Going in Again


Ohio.  August 2017.

Out from the one-of-a-kind tiles holding on in dark boxes.  Out from the stacks of men’s shirts to be sewn into skirts, the felted sweaters to be made into buttons. Out from the plastic sacks of yarn waiting to become something wearable.  Piles of yarn in piles of plastic growing piles of dust.  The world will end—foot space to air space—in piles. Out from the cupboards of food that expired in 2006. Out from the cigarette ashes in the abalone shell.  Out from that giddy abalone addiction which could make any child a hunter.  The greed for rainbows.  Rainbows with holes.  The holes appearing big and black as caves for the iridescence surrounding them.  Out from the oval mirrors that rocked with the tide and shimmered so they had no edges.  Underwater rainbows also look further away than they are. Out from the studded shells of urchins, which my tiny fingertips tried to read like braille.  Out from all the pieces of the beach that blanched and dulled and weakened in this house, even when they weren’t used as ashtrays.  Out from greyed rainbows.  Out from the lame attempt to travel by shuffling nature.  Out from the books I call mine.  Like I did something other than read them.  Out from the favorite spines that ask can you ever tell if a book sang so deeply because it broke you or because it filled you?  Maybe it didn’t break you.  Maybe it just spoke well to places that were already broken.  Out from the boxes of letters stashed in the closet.  My name in so many different prints.  By so many different pens.  To so many different addresses.  Out from the blatant love I never saw in them.  Out from knowing we only get what care we can bear.  That’s it.  Out from all the art on the walls and the memories of the people who made it.  Out from, for example, the female nude Edie did with a red crayon in about six perfect swipes.  Out from the Edie in it.  How she hid her innovative gears in a prim black skirt suit and unchanging babydoll haircut.  Where does the art end and the artist begin?  They meld together.  If you’re lucky.  Out from this Chihuly glass piece that placed anywhere is always a martian landing.  In its black strands I see his big black eye patch which the child me always stared right at.  Even when I knew to be polite I should look with both my eyes at his one good eye.  Out from all the faces of the artists Nelly Bly brought home.  Out from all the artwork Nelly Bly brought home.  Some pictures she hid under sheets and blankets until the time was right.  But sneaking art onto a practical person’s wall works as well as spray-painting on big dollar signs.  Out from the bedside table we all want.  From the bottles of lotion on it, empty to all levels.  Out from the absorbed way she’s working it into her hands and arms and legs. Like there’s nothing she’d rather be doing.  Like there’s nothing else she has to do.  It appears she’s humming. Whether she is or not.  Out from always her lotion, even when I was a baby.  When I couldn’t tell my body from hers.  Out from the reptile skin her dad passed on to her.  Out from the reptile skin she passed on to me.  The lotion just makes its cracks shine for a minute.  That’s all it ever did.  Out from her beautiful optimism.  If you didn’t see the lotion you would think she was comforting one hand with the other.  If you couldn’t see at all you’d think–from the contented concentration beaming off her–that she’s making art.  And maybe she is.  And maybe she is.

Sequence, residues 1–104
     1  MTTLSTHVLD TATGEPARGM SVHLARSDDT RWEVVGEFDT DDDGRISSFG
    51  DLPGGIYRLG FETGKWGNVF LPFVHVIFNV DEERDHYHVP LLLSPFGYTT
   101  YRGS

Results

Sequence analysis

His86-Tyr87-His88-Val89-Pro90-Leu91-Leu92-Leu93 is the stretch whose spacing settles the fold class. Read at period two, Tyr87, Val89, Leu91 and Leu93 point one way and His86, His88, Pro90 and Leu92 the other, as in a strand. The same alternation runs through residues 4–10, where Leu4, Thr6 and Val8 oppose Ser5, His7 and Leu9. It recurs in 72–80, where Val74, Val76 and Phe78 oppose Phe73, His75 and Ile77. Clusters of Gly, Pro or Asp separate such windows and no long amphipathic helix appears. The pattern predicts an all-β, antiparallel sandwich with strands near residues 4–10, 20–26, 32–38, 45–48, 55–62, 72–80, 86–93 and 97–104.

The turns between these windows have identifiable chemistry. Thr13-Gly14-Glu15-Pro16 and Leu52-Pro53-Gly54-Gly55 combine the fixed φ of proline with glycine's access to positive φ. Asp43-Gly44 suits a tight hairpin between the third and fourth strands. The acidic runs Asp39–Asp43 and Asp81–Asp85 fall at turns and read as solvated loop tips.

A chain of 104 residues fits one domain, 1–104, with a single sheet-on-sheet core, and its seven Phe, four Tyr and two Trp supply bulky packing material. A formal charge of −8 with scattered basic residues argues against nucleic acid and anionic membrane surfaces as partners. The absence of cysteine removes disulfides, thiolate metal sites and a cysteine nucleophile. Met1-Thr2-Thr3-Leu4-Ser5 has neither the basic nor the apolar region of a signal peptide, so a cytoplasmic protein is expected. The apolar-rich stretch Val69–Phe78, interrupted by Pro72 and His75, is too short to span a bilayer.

And out from all this.  As I was going to say.  Out from all this the corn in the fields is so bright and clean.  It doesn’t do a thing.  And then it grows up and grows up and grows up like it’s ordinary.  Like it’s way easier than staying where it was.



Whooping Cough Chronicles: Ten


After five days of taking the antibiotics we’re no longer contagious.  Even being assured of this, when I see a baby-in-arms near the school my body bucks back and strides the other way, the wrong way.  The right way.  Our coughing fits diminish—first in frequency, then in power.  They only happen when we run.  They only happen when we lie down.  They only happen when we laugh.  I ask my son one evening how his coughs were that day and he says, Good. I only had a few chuckles.  I never would have believed, while in the throes of it, that he would describe our whooping cough as chuckles.   I try again to tag suffering, to tag it firmly in my head as a transitory thing.  I can’t catch it, though.  Because we’re chuckling.